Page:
The part of Brian (also played by Graham) is perfectly pitched as the wide boy looter and black market Spiv, just adding to the character that the production exudes. John Elkington gives a wonderful performance as both Maurice and Gilbert, he and Graham seemingly handle playing two roll’s with great poise and minimal effort, a true indication of their prowess.

The desperation of war is superbly established and extremely effectively communicated, no more so than when Hull is hit by a stray bomb after the all clear has sounded, killing a young mother and her baby despite Maurice’s attempts to save them.

The interval is also perfectly timed leaving a big cliffhanger caused by the blitz of 7 May 1941 when Hull City Centre was virtually flattened.

You barely have a moment to settle back into your seat before you are shocked with the opening to the 2nd half beginning where the 1st half left off.

There is a big change in the emotional state on stage after the interval and it’s not just caused by David signing up and going off to fight, but once again the hopelessness of war is very well expressed and the occasional one-liner from either Sylvia or Grace does just nicely lift the mood again.

The way the set is designed and the sound effects of the bombing give you a sense of what it must have been like to live through this tragic period as you are left emotionally tested while always hoping for the best for the characters who you really identify with and develop feelings and emotions as powerful as a speedboat on the Humber Estuary.

The characters are thoroughly believable and lovable all at the same time and the ensemble cast are not just merely there to make up the numbers they are there as an essential part of the storyline and used to great affect by the director.

After the literally heart-wrenching moment of an incident caused by the war, particularly on the Normandy Beaches on D-Day, there is genuine shock and bewilderment, followed by some harsh words which then eventually give way to thankfulness.

After the abject failure of the BBC to include this ‘North-East Coast Town’ in its recent series about Blitz Cities, Hull now has a very proud answer to that snobbish failure, the next UK City of Culture can be outstandingly proud of its traditionally iconic theatre that was founded by Mike Bradwell almost out of protest.

After the performance Marc Graham said: “It’s a really good cast, they’re lovely to work with.

“The ensemble cast are older members of the youth theatre here so they really know what they’re doing as well.”

Speaking about playing two characters, including a lead, he said: “I loved it… It was really great to be able to tap into the two characters, Brian is obviously the secondary character who is quite a wide boy, while Tom really gets down and serious.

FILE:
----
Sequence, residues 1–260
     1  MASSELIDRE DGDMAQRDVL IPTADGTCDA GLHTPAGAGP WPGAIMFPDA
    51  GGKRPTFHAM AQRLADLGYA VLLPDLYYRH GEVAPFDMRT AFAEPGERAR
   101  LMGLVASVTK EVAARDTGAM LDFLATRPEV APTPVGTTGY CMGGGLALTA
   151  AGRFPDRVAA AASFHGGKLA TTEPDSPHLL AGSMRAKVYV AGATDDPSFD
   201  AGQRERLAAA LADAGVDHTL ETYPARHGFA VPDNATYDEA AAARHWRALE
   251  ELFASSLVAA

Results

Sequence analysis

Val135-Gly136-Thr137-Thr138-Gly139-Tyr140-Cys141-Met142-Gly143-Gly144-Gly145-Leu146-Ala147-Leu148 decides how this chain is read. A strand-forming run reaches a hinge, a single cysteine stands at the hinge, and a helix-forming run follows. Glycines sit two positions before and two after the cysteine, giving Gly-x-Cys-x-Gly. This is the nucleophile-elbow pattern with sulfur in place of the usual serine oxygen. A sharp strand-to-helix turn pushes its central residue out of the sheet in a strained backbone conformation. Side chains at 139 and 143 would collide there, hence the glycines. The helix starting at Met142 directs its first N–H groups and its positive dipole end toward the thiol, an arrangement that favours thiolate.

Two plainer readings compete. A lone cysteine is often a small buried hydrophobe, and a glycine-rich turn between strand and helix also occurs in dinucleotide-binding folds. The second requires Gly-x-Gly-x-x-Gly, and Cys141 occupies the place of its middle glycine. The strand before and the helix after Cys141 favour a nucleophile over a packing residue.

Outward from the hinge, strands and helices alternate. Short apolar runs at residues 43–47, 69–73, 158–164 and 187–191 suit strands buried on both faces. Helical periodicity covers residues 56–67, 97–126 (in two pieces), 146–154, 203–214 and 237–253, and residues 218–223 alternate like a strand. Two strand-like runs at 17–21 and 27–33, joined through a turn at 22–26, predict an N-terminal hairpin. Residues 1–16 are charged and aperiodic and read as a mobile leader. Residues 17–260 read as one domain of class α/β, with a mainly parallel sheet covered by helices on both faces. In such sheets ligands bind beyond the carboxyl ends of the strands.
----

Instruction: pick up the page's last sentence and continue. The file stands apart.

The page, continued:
“With the injury that Brian suffers I just kind of thought about how would somebody like that react to losing something like a leg.”

Speaking about working on this particular project with Laura Aramayo he said: “It’s great to be able to work with her on something like this, I’ve worked with her before but only on small stuff so to work with her on this, with the run it’s having is great.

“We had a good talk before about what our characters are going to do and what it would be like for them and of course with the class divide which was a real struggle and still is a real struggle unfortunately.”

I then spoke to the writer Richard Vergette about this premiere performance after the three previews last week.

He was obviously very happy with how it had gone, saying: “We let it go tonight and it seemed to go well and the audience response was very enthusiastic so yes I’m a very happy man and a relieved man tonight.

He then spoke about his delight at how the cast had handled the story: “I think it’s really important that when you’re working with a company on a piece that is as emotionally intense as this is that you’ve got a group of people who are willing to invest themselves as enthusiastically and passionately as they did.

“I’m absolutely delighted at the way that the actors have responded to the challenges of the piece.”

Talking about the community ensemble who are involved he said: “I didn’t realise when I wrote it that the community would be involved but I’m delighted with them.

“They’re a real bonus and they are a very important part of it not just an add on.”

Clearly enjoying talking about the production he then said: “This play is about Hull, for Hull and it’s about one of the most desperate times in its history, which largely the population is not aware of.

“They don’t know that this was the most bombed city outside of London, 1200 people perished, 3000 were injured or maimed 90-95% of houses were destroyed or damaged at least once and that the city re-grouped and re-found itself is a testament to its courage and its ability to take care of each other.”

It is a play for Hull but the writer would also like to see it go outside Hull because “The themes are universal and people maybe don’t realise what a part Hull played in the war.”

You can buy tickets in the box office at the theatre on Ferensway, on 01482 323638 or online at http://www.hulltruck.co.uk/book-tickets/buy-online